Art Therapy Support for The Empath

Having empathy means the ability to share, understand and acknowledge another person’s feelings compassionately. It can be related to the knack of imagining what someone else may be feeling and thinking. Empathy is different than sympathy, which is to feel pity or condolences for someone or something. The term “empath” has a different meaning than just having empathy. Empaths develop an increased ability to tune into other people’s states, feelings and/or emotions. They report they pick up on people’s energies around them. For example, they feel other people’s emotions, feelings, or pain without speaking to them. They develop a gift of psychic ability. They may also be sensitive to environmental changes, such as incoming weather systems or the full moon. Judith Orloff offers a questionnaire that helps one determine if they are an empath.[1]

Empaths take on helping roles in relationships and at times choose careers in healing professions like herbalist, nutritionist, homeopath, psychotherapist, counsellor, crisis worker, yoga teacher, veterinarian, or spiritual director. According to Orloff 2022, they need strong boundaries in stressful jobs like police officers, legal work and customer service. A balanced empath feels grounded, does self-care, trusts their intuition, and sets clear boundaries. Ideally, an empath mirrors how another person is feeling by sharing, rather than taking on their problems and/or fixing others.

Becoming an empath may be related to a person’s temperament, supportive parenting, and genetics.[2] Unfortunately, many empaths suffered from childhood abuse or narcissistic parents. They can struggle with boundaries. They may have difficulty knowing what is actually theirs to feel and own because they feel very deeply for others’ struggles. Empaths in a healing profession easily develop burnout from taking on other people’s problems. When an empath is out of balance, they easily feel overwhelmed. In the long term, it causes burnout. They may find noise, crowds, TV violence, negativity, and superficial talk draining. They may be shy and quiet. They connect well with animals and nature. They are sensitive to noises, and foods. They may have allergies and low blood sugar.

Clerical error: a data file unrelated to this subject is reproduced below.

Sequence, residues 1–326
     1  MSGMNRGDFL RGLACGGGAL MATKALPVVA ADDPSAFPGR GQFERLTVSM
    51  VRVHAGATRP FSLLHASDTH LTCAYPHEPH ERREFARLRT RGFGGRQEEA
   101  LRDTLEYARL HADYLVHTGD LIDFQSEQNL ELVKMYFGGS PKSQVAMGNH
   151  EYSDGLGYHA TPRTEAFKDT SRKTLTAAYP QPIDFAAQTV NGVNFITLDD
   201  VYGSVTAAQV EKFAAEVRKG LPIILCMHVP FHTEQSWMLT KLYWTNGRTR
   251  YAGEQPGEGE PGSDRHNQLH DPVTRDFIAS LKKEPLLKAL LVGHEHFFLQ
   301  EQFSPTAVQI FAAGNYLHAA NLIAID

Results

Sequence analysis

Empaths tend to be very creative, it can be a soul-filling act for them. They may be artistic by using art materials to create something but they may love cooking, gardening, decorating, storytelling, acting or music. Art therapy is an excellent therapy tool for the empath. The act of creating with an art therapist provides quiet time for reflective self-care. It allows a person to work out the stress of the day. Guided artmaking often brings symbols and images forward that needs to be expressed and processed. Empaths engaging in art therapy, have an opportunity to release what’s been hanging onto them by placing it into their art. In sessions at art therapy, they learn positive coping tools like healthy boundaries and grounding techniques. Art therapy illuminates issues that need reflection. Being an empath, I can attest to the healing powers of art therapy.

[1] Orloff, Judith. Are You an Empath? Take the Self-Assessment Test. Psychology Today. URL Are You an Empath? Take the Self-Assessment Test | Psychology Today Canada

[2] Orloff, Judith. Why people become empaths. The Minds Journal. URL Why People Become Empaths: 4 Contributing Factors From Trauma to Genetics (themindsjournal.com)

Heather Caruso of Art Therapy Guelph is a registered psychotherapist and art therapist, for more information on how she can help, contact us below: